Neurocrine Biosciences Rises as Drug Fights Movement Disorderby
Treatment met primary endpoint in late-stage clinical trial
Drugmaker says will apply for U.S. regulatory approval in 2016
Neurocrine Biosciences Inc. rose the most in nine months after its pill helped patients with a movement disorder in a late-stage trial.
The drugmaker climbed 12 percent to $43.47 at 9:37 a.m. in New York after earlier rising as much as 21 percent, the biggest intraday gain since Jan. 8. The shares had climbed 74 percent this year through Wednesday.
In a six-week study of 234 patients with tardive dyskinesia, a side effect of psychiatric drugs in which people move their faces without control, those on the Neurocrine’s NBI-98854 had a lower measure of involuntary facial movements than those on a placebo, the company said in a statement Thursday.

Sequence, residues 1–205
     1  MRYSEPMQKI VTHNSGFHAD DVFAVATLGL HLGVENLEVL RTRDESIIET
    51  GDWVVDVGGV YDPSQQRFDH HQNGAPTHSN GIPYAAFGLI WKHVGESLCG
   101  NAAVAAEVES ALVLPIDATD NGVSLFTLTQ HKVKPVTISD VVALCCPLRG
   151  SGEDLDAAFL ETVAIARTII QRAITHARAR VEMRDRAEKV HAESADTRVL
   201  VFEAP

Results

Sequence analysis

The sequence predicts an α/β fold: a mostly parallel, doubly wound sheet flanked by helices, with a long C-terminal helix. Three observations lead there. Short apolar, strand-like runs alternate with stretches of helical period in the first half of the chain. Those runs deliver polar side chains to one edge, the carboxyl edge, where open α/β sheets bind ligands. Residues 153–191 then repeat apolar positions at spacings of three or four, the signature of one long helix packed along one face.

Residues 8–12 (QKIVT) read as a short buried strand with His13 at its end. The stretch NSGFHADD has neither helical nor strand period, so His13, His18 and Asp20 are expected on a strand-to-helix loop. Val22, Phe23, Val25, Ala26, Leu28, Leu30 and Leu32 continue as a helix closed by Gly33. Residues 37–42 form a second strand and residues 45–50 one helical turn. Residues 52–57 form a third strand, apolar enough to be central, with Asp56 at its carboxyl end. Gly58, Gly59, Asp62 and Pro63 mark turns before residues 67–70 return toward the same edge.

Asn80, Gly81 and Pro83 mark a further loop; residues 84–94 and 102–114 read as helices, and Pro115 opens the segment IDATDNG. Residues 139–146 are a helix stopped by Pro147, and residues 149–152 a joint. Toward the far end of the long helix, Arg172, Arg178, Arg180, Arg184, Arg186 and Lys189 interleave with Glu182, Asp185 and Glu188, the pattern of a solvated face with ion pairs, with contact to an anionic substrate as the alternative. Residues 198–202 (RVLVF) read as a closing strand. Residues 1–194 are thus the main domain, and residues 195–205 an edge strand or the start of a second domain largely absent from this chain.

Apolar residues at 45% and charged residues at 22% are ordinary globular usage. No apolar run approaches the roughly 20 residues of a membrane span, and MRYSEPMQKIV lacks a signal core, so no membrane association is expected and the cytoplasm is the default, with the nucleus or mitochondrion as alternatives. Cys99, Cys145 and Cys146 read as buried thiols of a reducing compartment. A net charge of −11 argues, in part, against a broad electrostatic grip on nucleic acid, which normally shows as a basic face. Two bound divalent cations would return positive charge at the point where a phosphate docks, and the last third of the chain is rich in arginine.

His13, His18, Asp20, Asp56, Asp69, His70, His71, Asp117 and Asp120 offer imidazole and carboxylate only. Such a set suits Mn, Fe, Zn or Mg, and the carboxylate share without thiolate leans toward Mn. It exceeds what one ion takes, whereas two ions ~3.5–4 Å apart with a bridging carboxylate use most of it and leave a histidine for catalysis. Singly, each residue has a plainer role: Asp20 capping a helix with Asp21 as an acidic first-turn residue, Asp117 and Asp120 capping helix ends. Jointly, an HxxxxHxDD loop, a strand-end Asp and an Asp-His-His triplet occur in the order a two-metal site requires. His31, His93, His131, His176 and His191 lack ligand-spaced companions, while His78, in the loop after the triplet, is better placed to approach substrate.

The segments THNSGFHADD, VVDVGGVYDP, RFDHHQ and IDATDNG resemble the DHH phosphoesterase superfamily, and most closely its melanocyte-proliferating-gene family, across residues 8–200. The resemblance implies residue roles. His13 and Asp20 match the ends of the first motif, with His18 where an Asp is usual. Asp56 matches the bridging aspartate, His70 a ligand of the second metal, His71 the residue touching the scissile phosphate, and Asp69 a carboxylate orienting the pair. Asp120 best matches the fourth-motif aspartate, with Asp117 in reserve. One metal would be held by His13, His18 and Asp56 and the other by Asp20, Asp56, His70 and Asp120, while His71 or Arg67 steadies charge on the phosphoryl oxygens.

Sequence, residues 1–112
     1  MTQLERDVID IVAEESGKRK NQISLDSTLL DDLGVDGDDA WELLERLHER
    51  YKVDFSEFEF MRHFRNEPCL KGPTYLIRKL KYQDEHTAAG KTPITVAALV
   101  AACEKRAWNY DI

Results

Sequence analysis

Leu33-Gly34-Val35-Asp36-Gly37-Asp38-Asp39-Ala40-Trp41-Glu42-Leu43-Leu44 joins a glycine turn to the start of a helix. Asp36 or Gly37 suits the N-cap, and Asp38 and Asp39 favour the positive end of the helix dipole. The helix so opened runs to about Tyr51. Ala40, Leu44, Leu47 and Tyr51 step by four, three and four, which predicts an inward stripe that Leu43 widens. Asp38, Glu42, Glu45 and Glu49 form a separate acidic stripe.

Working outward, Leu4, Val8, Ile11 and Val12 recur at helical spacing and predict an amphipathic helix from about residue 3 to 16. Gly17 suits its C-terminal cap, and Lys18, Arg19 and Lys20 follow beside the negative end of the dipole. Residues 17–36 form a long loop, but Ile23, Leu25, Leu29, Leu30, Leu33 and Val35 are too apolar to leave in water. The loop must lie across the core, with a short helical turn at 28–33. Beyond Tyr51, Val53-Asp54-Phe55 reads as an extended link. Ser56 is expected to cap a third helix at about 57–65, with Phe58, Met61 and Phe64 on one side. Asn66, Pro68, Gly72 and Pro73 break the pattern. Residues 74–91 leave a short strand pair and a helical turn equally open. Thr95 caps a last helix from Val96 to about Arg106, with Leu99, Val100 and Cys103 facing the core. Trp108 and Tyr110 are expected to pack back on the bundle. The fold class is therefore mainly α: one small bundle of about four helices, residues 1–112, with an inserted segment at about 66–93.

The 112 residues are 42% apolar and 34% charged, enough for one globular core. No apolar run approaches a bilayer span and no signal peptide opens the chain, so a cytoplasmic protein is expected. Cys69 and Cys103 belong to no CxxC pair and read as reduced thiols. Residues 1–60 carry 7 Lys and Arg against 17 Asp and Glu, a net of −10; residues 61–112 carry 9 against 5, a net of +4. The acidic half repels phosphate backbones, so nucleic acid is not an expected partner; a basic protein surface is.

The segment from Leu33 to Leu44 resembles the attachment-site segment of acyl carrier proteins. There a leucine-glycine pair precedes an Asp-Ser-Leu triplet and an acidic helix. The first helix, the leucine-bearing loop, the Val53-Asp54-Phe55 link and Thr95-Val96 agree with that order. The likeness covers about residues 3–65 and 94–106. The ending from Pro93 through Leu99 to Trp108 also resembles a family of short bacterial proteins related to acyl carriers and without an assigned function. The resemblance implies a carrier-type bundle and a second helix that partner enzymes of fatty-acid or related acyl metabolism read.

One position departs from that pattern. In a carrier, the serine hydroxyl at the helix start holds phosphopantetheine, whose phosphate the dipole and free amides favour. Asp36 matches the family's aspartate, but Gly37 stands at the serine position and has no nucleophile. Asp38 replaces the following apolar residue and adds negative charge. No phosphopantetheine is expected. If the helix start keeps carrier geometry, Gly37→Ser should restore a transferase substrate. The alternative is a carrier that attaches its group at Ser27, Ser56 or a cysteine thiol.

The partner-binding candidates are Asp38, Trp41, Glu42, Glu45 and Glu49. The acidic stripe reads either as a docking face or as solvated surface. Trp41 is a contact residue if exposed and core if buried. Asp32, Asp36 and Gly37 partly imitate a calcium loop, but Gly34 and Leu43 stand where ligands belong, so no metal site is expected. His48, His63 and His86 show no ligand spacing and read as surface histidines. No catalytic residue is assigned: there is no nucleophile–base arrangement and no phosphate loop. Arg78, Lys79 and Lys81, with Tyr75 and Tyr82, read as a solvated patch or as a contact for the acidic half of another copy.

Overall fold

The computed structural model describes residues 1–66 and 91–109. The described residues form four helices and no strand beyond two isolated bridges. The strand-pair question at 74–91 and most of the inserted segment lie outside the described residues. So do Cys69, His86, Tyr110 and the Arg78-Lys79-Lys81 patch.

The company said the drug was well tolerated but didn’t disclose details on the frequency or severity of side effects. Neurocrine said it will seek U.S. regulatory approval for NBI-98854 next year and complete a study looking at the drug’s effect on Tourette syndrome this year.
There are no approved treatments for tardive dyskinesia, which affects fewer than 200,000 people a year in the U.S.